I was never allowed to hang out at the mall. That was probably the closest thing to “flash mobs” from my day. A lot of kids would head to Roosevelt Mall and just walk around doing nothing but being seen. I don’t recall hearing any problems from those days of hanging out, but there seem to be so many more kids today. The social networking, cell phones and word of mouth is viral.

I happen to agree with what Police Commissioner Chuck Ramsey and Mayor Michael Nutter have said in their subsequent news conferences following the South Street incident. Parents must be responsible for their children. I can’t imagine NOT knowing where my son is. I can’t imagine him putting himself in a situation where mobs of kids are doing absolutely nothing but ranting, running and mobbing into shops and restaurants.

Commissioner Ramsey is right: if your child says he or she doesn’t have anything to do, it’s YOUR job to find them something to do.Parents have to stop throwing up their arms and give kids some tough love. No threats – only action when the kids wander off without telling you what’s going on. For parents with small kids, this is YOUR teachable moment. Reign in your kids now, and they’ll never be bored. Teach them activities and volunteerism. Be an example – volunteer yourself and take the kids with you. They’ll never be bored.

http://www.nbcphiladelphia.com/news/local-beat/Mayor-Takes-Anti-Flash-Mob-Message-to-the-Street-89353867.html

Watching Camden Up Close

Driving into Camden from the South Jersey suburbs brings home the thought that Sacred Heart Church’s Father Michael Doyle has pressed for many years: there are a thousands miles between the suburbs and Camden. When I heard Center for Transformation staffer Andrea Feirich and board president Mark Doorley talk about how Camden became cut off from the region when the Ben Franklin Bridge, Admiral Wilson Boulevard and 676 were constructed, it didn’t mean as much to me until today. My husband, son and I drove to help at the weekly dinner at Joe’s Place. The nondescript building across from Sacred Heart Church at Broadway and Jasper is in the heart of Waterfront South.

Once we turned left onto Broadway leaving Rutgers-Camden, Cooper Hospital and Campbell’s Soup in our rearview mirror, it was if we’d stepped into a war zone. There’d be a few decent homes or businesses on Broadway or a side street, then vacant sites or more likely, boarded up homes, business and buildings that probably won’t see attention for years. We passed what looked like a group of volunteers serving a meal right outside in a vacant lot. Once we parked and got to the St. Vincent de Paul Society building, we knocked on the locked door. Once Burt let us in, we were welcomed by Sheryl and John along with the other volunteers who have given of their time, their hearts and souls to the community. This was our first time, so we were glad to do whatever was needed to serve dinner and dessert to about 60 people from the community.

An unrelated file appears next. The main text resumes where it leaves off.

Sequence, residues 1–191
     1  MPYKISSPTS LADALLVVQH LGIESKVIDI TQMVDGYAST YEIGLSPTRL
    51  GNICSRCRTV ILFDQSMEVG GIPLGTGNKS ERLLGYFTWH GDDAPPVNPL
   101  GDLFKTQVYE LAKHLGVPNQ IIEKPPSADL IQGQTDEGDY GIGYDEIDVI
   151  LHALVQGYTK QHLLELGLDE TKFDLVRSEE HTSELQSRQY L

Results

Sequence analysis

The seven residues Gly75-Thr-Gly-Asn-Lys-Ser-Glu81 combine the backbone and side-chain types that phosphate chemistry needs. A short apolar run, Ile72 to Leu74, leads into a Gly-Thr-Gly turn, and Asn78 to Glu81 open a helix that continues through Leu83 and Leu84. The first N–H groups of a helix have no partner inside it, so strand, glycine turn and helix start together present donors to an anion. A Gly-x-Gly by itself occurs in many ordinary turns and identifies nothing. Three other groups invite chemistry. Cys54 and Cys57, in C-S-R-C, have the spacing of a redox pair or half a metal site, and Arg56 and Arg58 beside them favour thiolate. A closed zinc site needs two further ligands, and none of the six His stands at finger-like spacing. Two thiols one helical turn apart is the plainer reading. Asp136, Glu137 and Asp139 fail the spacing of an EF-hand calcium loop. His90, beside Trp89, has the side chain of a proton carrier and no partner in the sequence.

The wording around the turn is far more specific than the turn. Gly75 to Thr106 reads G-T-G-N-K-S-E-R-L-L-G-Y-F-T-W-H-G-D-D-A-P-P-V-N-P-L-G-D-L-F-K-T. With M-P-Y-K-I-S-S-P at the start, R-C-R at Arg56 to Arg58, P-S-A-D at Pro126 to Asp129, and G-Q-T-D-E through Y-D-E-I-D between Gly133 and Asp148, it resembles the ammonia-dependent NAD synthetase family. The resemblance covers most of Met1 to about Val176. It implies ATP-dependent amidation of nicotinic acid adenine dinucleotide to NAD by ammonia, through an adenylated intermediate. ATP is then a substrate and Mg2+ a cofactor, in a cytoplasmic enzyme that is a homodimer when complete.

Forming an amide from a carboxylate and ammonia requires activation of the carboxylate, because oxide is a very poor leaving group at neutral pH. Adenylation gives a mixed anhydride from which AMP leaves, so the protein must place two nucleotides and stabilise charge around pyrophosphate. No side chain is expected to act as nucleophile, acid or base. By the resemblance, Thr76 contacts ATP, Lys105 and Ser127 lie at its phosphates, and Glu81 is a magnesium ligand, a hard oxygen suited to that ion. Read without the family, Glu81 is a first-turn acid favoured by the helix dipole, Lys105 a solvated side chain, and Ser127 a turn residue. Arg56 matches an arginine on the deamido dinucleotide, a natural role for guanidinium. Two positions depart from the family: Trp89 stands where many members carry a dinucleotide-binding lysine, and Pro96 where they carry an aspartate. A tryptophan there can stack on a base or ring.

Precisely at 4 p.m. when the doors opened, the people appeared. Their faces showed a road map of hard life. Women and men came. Their clothes worn and torn. There were a few little girls with their young mother. One man had a very pleasant conversation with himself the entire time he was having dinner. But he looked me in the eyes and asked for his pie for dessert; then he went back to his seat to enjoy his dessert and continue his conversation. Except for one angry man, each person was so grateful for every bite they were offered. Many had two plates of food and two (or three desserts). It didn’t matter. Our hosts supplied the lovely meal. We were glad to serve and share a little of ourselves with others who have so little.

When we were leaving today, dinner was still going on at Joe’s Place. I was getting in the car when a man walking through the vacant field next to the building yelled, “It’s not over is it?” I realized he was a regular at Joe’s Place and yelled back, “No, of course not; there’s plenty left.” The big smile on his face led me to think this might be his only good meal of the day and maybe for the week. He was carrying a plastic grocery bag. I know he was going to be taking some leftovers with him.

We drove just 50 yards from our parking spot. Looking down the side street to my right was a drug deal happening before my eyes. The person in the driver’s seat gave the man standing outside the car the money; the two shook hands. The deal was sealed. There is so much work to do in Camden. So many lives that need tending to. But in reality, it must start with the youngest of the people in Camden. There’s a way out. The many good people doing wonderful things on a daily basis in Camden can make it happen for these children. The thing is, my hope is that the children see the light with the right guidance, then they will show others like them the way out. For now, we can all do just a little more – a day at a time. Inside Joe’s Place, everyone is good and safe and has a full belly.